100M Needed To End Sewage Crisis In Monrovia

Damaged sewage system has resulted to the discharge of raw sewage into the streets, leading to serious population in parts of central Monrovia.

This deteriorating state of the sewerage system has not only caused severe environmental hazards but also poses a significant threat to public health. Cognizant of this, Dr. Nathaniel BlamaSr., Liberia’s former Executive Director of the Environmental Protection Agency (EPA), and current Relations Manager at Ivanhoe Liberia, says the West African state (Liberia), will need at least US$100,000,000 (Hundred million United States dollars), to curb the current wave of environmental crisis (Damaged sewerage system) that has engulfed major streets in central Monrovia.

In a recent interview with a local daily, Dr. Nathaniel Blama Sr., emphasized the dire consequences of neglecting the sewerage system in the heart of Monrovia. He stated, “There are several factors, one is the infrastructure that is lay underground host sewerage lines they are all corroded and has been damaged, most of them were placed there more than fifty or thirty years ago.”

He believes considering that it has not been changed, most of them have broken up, thus creating room for pollution as the particles use the unusual side (s) if it can’t easily flow through the sewerage lines. The Environmental expert says- “Considering the resettlement, the design and the construction, it will cost at least hundred million United States dollars.”

While it (Pollution) also extends to water (River, etc…), the unhealthy situation also has what it takes to results to contamination. This contamination poses a serious risk of waterborne diseases, such as cholera and dysentery, which can spread rapidly and have devastating effects on public health.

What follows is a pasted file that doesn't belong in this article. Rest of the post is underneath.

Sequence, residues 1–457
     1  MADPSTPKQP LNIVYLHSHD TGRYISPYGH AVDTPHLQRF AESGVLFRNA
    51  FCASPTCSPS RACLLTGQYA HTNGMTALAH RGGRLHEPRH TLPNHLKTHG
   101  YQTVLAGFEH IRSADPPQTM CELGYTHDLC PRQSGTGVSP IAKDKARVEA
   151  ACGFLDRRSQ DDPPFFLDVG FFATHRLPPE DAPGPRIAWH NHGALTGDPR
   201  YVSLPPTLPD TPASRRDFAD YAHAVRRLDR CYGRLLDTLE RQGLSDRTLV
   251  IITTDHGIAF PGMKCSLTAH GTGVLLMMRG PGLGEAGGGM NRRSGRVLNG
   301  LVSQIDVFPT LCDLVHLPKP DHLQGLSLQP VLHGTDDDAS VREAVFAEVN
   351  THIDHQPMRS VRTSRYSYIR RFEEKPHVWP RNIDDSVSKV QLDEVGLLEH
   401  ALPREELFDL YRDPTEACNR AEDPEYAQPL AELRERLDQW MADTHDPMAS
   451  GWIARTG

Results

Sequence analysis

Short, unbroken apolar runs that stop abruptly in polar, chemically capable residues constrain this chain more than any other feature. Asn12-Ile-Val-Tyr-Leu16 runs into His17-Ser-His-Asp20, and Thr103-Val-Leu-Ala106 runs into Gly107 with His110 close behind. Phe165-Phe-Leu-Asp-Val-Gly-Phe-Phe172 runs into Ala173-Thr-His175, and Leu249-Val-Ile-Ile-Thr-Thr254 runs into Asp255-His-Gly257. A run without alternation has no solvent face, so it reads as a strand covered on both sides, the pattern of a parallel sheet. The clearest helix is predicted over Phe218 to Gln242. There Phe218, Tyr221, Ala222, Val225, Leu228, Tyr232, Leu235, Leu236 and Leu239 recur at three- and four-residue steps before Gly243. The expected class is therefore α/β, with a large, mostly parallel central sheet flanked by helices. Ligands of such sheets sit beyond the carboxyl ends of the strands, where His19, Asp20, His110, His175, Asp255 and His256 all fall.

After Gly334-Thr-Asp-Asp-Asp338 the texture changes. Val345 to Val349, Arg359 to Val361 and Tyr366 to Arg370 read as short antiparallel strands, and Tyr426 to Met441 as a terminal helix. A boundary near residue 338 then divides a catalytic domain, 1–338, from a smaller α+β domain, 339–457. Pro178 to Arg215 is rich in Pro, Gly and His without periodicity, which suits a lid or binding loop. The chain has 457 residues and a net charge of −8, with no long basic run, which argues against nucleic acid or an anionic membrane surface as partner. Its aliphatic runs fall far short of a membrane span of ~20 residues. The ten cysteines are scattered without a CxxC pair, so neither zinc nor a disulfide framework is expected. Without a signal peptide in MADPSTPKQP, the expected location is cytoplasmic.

Because of this and several other reasons, Dr. Nathaniel BlamaSr., stressed that immediate action is required to address this environmental hazard. He proposed a budget of one hundred million United States dollars to restore and upgrade the sewerage system in central Monrovia. This budget, according to him, would cover the repair of damaged pipes, the installation of modern wastewater treatment facilities, and the implementation of a comprehensive maintenance plan.

As vividly seen in several parts of central Monrovia, the untreated sewerages have also led to the release of toxic gases into the air, contributing to air pollution in different areas. The foul odor emanating from the sewerage system has become unbearable for residents, affecting their quality of life.

But the environmental expert attributes the unhealthy issues a lot of streets and communities in central Monrovia are confronted with, to the inability or deliberate unwillingness of residents to properly manage their waste.

“Another factor is the way we manage our waste. People have waste in their homes and when they want to dispose it, they wait at night when everyone is sleeping they throw it in the sewerage system. Most of our wastes generated are plastic waste, they do not easily get degraded so they stay permanently in the environment for sometimes so it blocks sewerage systems and also create problems sending flow or sewerages back.”

The former Executive Director of the EPA called for increased public awareness and education on the importance of proper waste management and the consequences of neglecting infrastructure.

1 Comment
  1. Leta Wymer says

    Hi newrepublicliberia.com owner, Keep up the great work!

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